The Old Soap Dish (Revisited)

The soap dish held court at various locations in the old Victorian home—the big yellow house—as it sustained its royal status through the years the family lived there. It doesn’t look like much. And to most, it probably isn’t much. Just a soap dish, from Kresge’s, one might assume. Probably purchased in the 50’s. Pink plastic with removable drainer. The gold trim of its crown nearly worn from years of scouring with Comet Cleanser. One might easily overlook the esteemed position it held through the years.

IvoryCourt was held upstairs beside the claw foot bathtub. The woman scooped the white Ivory bar from the dish, scrubbing the children’s skinned knees and alfalfa-entangled hair before wrapping them in blanket-sized towels and carrying them one by one to the warmth of the oversized register to dry and dress in their flannel pajamas.

Dove barAt times, court was held at the newly added sink in the small half bath, which had been added many years prior, in the empty space under the stairway. The woman placed a new Dove bar (her favorite) in the clean soap dish, and the bar lasted a long time.

The years passed; the children left the big yellow house; and the soap dish with the Dove bar was one day replaced by liquid soap in a sterile, aloof, pump dispenser.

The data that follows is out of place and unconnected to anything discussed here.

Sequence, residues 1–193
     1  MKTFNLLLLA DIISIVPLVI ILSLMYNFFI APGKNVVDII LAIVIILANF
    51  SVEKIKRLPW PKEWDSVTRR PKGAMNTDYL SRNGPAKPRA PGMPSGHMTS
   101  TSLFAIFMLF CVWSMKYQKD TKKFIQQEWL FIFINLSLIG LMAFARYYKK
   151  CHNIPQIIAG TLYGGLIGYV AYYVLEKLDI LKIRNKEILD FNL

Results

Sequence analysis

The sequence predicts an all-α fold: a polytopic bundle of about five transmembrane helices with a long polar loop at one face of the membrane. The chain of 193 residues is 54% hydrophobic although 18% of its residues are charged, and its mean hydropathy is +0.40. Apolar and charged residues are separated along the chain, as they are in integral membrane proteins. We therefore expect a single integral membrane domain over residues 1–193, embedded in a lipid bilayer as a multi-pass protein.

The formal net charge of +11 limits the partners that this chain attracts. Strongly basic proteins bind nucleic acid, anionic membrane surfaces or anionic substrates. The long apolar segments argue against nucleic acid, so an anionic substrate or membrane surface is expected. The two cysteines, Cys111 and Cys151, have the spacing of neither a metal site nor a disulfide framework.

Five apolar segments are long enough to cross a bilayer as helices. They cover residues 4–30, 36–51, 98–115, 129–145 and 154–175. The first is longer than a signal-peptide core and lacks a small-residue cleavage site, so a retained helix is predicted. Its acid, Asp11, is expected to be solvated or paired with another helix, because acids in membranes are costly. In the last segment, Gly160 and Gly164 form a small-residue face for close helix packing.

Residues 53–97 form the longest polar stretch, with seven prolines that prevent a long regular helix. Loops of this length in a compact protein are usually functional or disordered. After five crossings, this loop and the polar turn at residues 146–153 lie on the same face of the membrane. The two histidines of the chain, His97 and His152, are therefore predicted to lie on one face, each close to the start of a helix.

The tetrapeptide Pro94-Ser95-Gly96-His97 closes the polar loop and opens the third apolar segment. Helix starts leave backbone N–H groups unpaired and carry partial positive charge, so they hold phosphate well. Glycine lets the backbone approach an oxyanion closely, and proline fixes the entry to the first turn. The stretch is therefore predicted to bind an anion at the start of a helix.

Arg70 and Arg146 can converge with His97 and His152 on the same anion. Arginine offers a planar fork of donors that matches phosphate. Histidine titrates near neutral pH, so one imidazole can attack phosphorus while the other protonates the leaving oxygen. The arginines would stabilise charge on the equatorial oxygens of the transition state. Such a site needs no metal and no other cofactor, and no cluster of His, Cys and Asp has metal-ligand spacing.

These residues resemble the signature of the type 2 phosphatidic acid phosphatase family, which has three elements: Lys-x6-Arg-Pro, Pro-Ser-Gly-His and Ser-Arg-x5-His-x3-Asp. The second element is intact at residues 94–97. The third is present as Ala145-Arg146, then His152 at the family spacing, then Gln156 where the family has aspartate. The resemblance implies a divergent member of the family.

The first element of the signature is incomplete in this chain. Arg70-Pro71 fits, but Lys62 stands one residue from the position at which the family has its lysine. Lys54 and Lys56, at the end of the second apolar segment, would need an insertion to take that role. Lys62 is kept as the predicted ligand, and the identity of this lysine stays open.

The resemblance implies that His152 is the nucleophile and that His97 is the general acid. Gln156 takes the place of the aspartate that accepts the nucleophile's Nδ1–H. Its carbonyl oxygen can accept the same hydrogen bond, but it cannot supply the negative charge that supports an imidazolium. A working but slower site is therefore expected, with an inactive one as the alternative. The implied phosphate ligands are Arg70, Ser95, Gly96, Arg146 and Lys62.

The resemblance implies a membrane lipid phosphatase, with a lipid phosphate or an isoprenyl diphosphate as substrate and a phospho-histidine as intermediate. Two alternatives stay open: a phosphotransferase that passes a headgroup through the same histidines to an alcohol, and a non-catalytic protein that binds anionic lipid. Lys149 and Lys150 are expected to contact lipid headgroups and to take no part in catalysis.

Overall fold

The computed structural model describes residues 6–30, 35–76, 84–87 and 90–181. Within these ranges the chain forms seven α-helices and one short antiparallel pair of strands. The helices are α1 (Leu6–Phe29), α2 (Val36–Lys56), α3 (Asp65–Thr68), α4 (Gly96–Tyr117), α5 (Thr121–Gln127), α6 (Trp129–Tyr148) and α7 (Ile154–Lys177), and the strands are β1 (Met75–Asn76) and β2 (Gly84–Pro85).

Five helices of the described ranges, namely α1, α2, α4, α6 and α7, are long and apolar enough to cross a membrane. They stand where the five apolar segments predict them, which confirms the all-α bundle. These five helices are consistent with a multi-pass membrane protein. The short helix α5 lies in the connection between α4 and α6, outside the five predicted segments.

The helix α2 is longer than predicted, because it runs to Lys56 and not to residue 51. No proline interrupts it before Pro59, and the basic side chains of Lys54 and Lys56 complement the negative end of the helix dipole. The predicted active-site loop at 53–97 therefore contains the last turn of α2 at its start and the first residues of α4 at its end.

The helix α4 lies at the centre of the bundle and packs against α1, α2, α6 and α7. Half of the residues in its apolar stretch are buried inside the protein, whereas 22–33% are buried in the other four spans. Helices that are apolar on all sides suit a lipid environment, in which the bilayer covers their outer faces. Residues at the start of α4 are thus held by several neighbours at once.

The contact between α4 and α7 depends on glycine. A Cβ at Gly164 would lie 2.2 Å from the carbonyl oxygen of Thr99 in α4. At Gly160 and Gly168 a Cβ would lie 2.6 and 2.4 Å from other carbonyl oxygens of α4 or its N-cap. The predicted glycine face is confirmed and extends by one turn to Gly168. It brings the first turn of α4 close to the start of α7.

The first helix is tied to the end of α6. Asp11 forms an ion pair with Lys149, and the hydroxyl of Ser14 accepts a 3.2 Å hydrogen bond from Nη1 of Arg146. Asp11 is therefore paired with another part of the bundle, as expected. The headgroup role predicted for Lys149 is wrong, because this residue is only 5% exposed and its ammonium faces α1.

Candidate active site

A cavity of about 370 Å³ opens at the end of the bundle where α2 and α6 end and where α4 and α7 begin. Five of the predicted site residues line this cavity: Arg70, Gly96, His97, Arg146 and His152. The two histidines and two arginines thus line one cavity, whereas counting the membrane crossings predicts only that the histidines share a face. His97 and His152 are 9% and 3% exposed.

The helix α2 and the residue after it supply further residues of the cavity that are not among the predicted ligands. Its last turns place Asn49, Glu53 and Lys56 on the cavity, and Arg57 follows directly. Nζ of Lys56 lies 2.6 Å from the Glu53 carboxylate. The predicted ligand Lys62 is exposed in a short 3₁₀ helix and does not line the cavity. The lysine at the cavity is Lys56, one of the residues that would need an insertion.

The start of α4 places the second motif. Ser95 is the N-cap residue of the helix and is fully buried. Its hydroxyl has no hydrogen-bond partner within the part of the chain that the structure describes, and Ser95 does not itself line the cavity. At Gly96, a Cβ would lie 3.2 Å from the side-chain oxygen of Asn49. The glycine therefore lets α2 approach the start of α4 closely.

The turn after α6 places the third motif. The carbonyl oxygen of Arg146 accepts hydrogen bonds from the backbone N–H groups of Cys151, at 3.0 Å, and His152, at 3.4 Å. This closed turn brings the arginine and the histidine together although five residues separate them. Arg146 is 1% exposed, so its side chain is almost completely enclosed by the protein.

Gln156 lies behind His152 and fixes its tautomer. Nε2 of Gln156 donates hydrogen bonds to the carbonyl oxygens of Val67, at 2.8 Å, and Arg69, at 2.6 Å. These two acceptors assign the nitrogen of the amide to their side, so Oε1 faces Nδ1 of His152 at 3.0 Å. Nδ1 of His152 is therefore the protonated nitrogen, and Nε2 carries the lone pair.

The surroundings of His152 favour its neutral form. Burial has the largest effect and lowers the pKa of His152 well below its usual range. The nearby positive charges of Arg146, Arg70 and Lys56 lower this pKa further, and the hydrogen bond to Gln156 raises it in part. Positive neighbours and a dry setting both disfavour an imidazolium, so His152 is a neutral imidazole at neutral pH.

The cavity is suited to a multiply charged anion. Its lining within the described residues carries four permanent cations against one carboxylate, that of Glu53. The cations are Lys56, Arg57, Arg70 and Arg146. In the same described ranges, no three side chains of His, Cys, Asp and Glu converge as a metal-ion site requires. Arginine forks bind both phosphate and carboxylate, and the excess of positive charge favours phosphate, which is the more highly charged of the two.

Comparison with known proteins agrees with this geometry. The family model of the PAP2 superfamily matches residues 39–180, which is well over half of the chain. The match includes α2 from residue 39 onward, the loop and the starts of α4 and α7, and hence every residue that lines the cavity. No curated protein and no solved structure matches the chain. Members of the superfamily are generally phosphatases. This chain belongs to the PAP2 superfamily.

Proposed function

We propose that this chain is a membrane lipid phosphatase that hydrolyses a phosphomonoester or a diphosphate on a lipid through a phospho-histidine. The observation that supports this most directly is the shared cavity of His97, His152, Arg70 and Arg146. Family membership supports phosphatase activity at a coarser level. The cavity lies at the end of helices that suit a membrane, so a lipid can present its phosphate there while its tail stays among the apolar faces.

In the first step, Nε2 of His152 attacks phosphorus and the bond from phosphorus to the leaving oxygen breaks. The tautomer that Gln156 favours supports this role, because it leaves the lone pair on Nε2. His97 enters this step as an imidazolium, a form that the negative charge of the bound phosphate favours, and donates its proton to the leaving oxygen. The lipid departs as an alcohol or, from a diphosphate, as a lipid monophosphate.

LavaCourt was then held in the back room of the old house, aside the jumbo cast iron sink and the old pitcher pump. LAVA soap filled the dish now, and the man used the LAVA bar several times a day, faithfully scrubbing his aging hands, shredding evidences of hours of labor on the land and in the woods. The soap dish was often covered with the dirty, dried bubbles of the resultant purification process. The woman used more Comet Cleanser, more often.

Again, years  passed; the old man and the old woman left the big yellow house; and the pink, plastic, old soap dish sat alone, empty, and covered with dried pumice, a simple, quiet remembrance of the old man, the old woman, and their family.

Now grown, the little girl, who had overlooked the pink, plastic soap dish many years before, and to whom the soap dish had once seemed silly and unimportant, suddenly recognized its royal position and gently cleaned it and placed it at a prominent place in her home, allowing the soap dish to once again hold court . In a time of scented, foaming, liquid soap choices, the soap dish now holds a plain, white bar of Kirk’s Castile and is regularly but delicately cleaned in an effort to maintain its royal position. It doesn’t look like much. And to most, it probably isn’t much. But to the little girl, it’s another confirmation of her royal heritage.


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